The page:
Boy Scouts

Discussion in 'General Parenting' started by JJJ, Dec 27, 2010.

  1. JJJ

    JJJ Active Member

    Tigger loved cub scouts and really liked boy scouts until it became clear that he couldn't do so many of the activities (they required reading or other academic skills that he just didn't have). We tried just doing the social parts and not the badges (his leader was amazing in allowing and even encouraging Tigger to do whatever he could without any attempt to force him to do things he couldn't). This fall his troop merged with another small troop. We went to the first 'joint' meeting but it was clear that the troop was too big now for Tigger to feel comfortable.

    We have now taken a couple of month break from scouts and I realize that he really is missing out by not being able to do things like that. He doesn't ask about going but every so often I hear him talk about 'being a scout' with pride that he was a part of it.

    I'm going to start a special needs troop. I need to find 2-4 other boys at Tigger's relative functioning level. I hope to have either our church or our local autism family center 'sponsor' our troop. I'm thinking of making it more of a family thing with each family providing a 'leader' to help things go well. Then as the boys get comfortable with the adults and the adults with the boys, we can adjust 'staffing' based on needs and allow more independence.

    I think Tigger's old scout leader would agree to mentor me and his son will likely be willing to be a 'peer mentor' to the younger boys. Wish me luck...
  2. tiredmommy

    tiredmommy Site Moderator

    Good for you! I can tell you that it is an exhausting but highly rewarding experience to work with scouting. :)
  3. DaisyFace

    DaisyFace Love me...Love me not


    What a fantastic idea! Best of luck!!!
  4. mstang67chic

    mstang67chic Going Green

    Great idea!!! I'm sure you'll find others for your troop....there should be more like that!
  5. KateM

    KateM Member

    Great idea! My son is now an assistant scout master of the troop that helped him so much. He has so much pride in that he became an Eagle Scout; it is part of his identity. Scouting has been terrific for him socially and in building his self-esteem. That said, I have to attribute part of my son's success in scouting to my hubby. He became involved in scouting as soon as my son did and helped difficult child monitor his behavior at troop functions when he was younger. Parental involvement is key in making scouting a great experience for difficult children.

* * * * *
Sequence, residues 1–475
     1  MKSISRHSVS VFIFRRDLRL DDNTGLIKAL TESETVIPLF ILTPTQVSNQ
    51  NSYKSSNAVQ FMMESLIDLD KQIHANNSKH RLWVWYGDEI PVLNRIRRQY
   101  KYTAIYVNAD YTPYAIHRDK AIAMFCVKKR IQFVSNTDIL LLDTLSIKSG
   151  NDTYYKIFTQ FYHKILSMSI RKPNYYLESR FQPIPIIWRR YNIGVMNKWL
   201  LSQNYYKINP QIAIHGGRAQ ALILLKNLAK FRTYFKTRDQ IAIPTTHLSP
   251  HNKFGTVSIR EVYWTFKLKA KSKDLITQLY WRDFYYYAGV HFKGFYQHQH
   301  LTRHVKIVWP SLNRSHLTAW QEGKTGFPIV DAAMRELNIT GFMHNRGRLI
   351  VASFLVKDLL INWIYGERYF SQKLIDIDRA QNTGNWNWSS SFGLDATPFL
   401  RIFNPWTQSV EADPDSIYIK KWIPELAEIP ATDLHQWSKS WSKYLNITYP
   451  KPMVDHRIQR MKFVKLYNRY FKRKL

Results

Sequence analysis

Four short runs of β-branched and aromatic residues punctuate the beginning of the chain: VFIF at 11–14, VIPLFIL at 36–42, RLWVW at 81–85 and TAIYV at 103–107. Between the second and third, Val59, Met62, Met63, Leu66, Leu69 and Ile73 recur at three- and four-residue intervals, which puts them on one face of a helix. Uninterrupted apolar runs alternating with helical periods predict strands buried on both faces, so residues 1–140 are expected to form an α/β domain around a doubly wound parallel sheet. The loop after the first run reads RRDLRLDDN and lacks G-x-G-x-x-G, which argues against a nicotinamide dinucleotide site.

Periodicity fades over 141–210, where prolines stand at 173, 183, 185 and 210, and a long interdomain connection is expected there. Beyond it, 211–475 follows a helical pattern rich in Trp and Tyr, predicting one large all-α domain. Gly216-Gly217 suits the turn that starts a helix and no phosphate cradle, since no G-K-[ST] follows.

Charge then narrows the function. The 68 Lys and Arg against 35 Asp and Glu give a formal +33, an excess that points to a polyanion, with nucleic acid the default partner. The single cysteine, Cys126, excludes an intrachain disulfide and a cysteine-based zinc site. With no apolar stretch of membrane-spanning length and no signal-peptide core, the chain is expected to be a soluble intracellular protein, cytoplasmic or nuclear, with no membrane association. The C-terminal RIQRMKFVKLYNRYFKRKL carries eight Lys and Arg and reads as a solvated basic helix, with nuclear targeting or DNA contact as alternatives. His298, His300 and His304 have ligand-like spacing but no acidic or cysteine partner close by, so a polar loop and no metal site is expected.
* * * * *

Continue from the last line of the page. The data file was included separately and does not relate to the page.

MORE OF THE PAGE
6. Star*

    Star* call 911

    You so rock jjj!!!!!!
  7. KTMom91

    KTMom91 Well-Known Member

    What a great idea!
  8. Andy

    Andy Active Member

    That is an awesome idea! It will be so rewarding for everyone!
  9. susiestar

    susiestar Roll With It

    What a wonderful idea. I am sure that these are needed in more place than one. thank you quit scouts because two of the boys kept ganging up on him. One was the leader's son and she did everything she could to stop it but was unsuccessful. She even made him sit out quite a few meetings. cam

    As you set this up, be sure to look at universities in your area for a fraternity called Alpha Phi Omega. It is a national, co-ed service fraternity that focuses on doing volunteer work in three areas - the brotherhood, the community and scouting. They will be able to help with many things if there is an active chapter anywhere near you. When I was in college we did all kinds of things with scouts - running camps, badge days, helping campers plan camping trips, leading troops, even filling in for leaders who were sick, on maternity or otherwise unable to do things. TExas has several esp large chapters, but they are at universities all over the world. They do NOT have houses - the national chapter refuses to permit chapters to own property as it helps to cut down on drinking and other problems that can be hidden in frat houses. Some areas have an offshoot that is not exactly affiliated. Some women do not like the co-ed group and have opened their own version called Omega Phi Alpha. Similar purpose and bylaws, but only women.

    Either group can be a HUGE help to a troop leader and every other level of scouting. If you can get into contact they may even be able to help you locate scouts who were not served by other troops. They can also be extra hands if you have parents who cannot be at meetings.

    Often the local and regional councils have not heard of this - though I don't know why. If the council is unaware it doesn't mean that they are not active.
  10. svengandhi

    svengandhi Well-Known Member

    My council has a terrific special needs program. You should contact your council to see if they have one. If they do, they might be able to give you a volunteer ASM to help out with for awhile or you could look into any troops that are nearby. One little known fact about Boy Scouts is that special needs kids who are documented may be able to get an extension till age 21 to complete their Eagle Scout badge but the request has to be made before he is 18.

    Good luck.
  11. HaoZi

    HaoZi Guest

    Good luck! Kiddo decided she was done with scouts for good right after I paid her annual dues, bought her vest and our shirts for the parade.